Nor do boot camps appear effective or cost-effective. Boot camps are for young criminals, most of them first-time offenders who were engaged in nonviolent acts, like burglary and drug dealing. Several months of tough treatment and close supervision by uncompromising drill instructors are used to try to instill discipline and a desire not to repeat. By the mid-1990s, 30 states and 10 localities operated boot camps, as did the federal government. However, evaluations have consistently found that the recidivism rates of boot camp graduates are no better than those of convicts sentenced to traditional prisons. In one of the most comprehensive scientific evaluations to date, of boot camps in eight states, Professors Doris MacKenzie and Claire Souryal at the University of Maryland concluded that "the impact of boot camp programs on offender recidivism is at best negligible."
A 2003 study of boot camps by the National Institute of Justice found that:
Participants reported positive short-term changes in attitudes and behaviors; they also had better problem-solving and coping skills.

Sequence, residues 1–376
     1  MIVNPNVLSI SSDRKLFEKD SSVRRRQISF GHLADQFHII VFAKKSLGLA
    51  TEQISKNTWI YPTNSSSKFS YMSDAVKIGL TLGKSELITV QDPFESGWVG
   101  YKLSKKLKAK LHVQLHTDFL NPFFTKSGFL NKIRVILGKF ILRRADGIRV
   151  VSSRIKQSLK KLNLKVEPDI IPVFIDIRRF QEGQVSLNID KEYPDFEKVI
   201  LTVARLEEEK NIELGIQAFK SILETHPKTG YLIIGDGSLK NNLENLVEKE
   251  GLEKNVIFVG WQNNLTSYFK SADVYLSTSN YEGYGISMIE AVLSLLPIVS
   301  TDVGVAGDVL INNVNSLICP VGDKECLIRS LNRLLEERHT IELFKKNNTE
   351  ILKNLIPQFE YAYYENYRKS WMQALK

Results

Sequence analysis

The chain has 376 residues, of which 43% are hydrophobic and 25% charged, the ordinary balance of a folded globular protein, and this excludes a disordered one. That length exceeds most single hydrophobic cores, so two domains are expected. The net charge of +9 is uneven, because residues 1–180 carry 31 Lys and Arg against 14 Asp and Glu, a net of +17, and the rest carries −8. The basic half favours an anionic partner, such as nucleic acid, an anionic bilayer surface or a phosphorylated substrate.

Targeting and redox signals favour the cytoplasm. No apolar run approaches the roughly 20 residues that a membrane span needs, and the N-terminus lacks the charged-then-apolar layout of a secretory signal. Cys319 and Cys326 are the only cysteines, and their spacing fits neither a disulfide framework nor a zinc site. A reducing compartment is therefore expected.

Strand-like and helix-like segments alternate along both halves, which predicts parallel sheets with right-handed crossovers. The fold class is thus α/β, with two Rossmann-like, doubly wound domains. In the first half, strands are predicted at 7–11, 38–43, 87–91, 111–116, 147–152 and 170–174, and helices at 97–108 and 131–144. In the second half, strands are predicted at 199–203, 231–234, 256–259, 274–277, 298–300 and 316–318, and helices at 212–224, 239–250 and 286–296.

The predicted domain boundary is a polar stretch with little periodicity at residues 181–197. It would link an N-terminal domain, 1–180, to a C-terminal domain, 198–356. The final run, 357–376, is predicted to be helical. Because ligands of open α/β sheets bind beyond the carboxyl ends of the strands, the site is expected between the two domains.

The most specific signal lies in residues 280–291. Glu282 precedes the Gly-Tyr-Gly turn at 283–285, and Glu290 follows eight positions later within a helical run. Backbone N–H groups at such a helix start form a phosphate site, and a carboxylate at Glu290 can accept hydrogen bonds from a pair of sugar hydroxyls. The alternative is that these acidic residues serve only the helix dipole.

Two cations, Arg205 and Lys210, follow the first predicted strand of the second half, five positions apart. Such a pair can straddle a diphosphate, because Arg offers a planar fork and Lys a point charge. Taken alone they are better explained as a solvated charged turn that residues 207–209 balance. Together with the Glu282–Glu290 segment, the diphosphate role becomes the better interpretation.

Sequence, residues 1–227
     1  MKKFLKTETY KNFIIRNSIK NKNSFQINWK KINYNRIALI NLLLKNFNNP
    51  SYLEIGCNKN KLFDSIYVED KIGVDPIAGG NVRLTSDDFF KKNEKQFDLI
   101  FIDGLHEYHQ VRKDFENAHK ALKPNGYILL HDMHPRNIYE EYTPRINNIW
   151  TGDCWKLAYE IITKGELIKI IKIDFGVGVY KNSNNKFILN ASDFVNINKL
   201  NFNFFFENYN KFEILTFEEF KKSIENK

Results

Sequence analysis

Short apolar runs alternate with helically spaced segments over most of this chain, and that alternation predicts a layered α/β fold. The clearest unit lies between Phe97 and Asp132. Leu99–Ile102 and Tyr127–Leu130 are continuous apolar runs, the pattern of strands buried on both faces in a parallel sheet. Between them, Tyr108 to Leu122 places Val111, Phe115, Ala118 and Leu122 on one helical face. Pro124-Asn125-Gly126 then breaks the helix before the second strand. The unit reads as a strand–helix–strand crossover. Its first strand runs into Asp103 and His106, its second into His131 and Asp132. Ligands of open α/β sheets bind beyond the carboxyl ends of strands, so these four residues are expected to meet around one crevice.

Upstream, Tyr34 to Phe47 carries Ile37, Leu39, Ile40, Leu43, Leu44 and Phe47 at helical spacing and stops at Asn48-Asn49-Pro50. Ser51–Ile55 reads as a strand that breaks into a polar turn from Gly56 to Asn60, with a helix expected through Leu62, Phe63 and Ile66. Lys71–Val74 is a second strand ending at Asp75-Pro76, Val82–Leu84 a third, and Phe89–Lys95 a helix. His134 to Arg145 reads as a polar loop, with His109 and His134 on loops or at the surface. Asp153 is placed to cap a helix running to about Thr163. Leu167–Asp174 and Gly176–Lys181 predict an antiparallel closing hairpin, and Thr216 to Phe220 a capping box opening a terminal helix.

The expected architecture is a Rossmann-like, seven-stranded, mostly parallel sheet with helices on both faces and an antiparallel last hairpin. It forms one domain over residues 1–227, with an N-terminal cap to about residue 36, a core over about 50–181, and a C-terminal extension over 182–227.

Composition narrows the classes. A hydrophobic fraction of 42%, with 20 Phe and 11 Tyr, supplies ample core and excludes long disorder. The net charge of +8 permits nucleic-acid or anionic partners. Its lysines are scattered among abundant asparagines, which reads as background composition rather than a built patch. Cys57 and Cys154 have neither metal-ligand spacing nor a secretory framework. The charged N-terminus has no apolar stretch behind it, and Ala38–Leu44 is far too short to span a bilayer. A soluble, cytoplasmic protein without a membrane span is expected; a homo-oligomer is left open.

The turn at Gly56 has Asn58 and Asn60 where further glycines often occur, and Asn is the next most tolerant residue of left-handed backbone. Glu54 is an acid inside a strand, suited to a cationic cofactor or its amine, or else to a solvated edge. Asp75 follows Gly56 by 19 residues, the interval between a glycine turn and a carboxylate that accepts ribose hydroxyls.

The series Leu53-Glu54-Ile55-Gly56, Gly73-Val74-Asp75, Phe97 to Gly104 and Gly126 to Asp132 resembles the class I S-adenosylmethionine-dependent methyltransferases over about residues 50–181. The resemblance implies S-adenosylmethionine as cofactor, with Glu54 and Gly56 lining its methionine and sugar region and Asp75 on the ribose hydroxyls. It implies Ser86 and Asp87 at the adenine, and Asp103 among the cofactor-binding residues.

With few exceptions, these positive changes did not lead to reduced recidivism. The boot camps that did produce lower recidivism rates offered more treatment services, had longer sessions, and included more intensive postrelease supervision. However, not all programs with these features had successful results. 38
The Failure of the "War on Drugs"
Drug and prison policy interrelates: sentencing for drug involvement is racially biased. (See the new Justice Department major foundation report co-authored by staff of the National Council on Crime and Delinquency, above.) But there is little evidence that the "war on drugs" has worked. For example, Drug Strategies in Washington, DC has concluded:39
From 1981 to 1997, the federal government spent nearly $60 billion on domestic drug law enforcement. Federal expenditures for domestic drug law enforcement during the period 1991-1995 were 8 times larger than expenditures from 1981-1985. Moreover, state and local spending on drug law enforcement over the past two decades is estimated to be at least twice as great as Federal spending on domestic drug law enforcement.
Despite these budget increases, the drug problem persists. Arrests for drug offenses (possession or sale) have risen sharply in recent years, climbing from 460,224 in 1980 to 1,167,600 in 1995. While arrests for serious property crimes have gradually declined since 1991, drug arrests increased 46 percent. In 1995, 23 percent of state prisoners and 60 percent of Federal prisoners were incarcerated for drug law violations.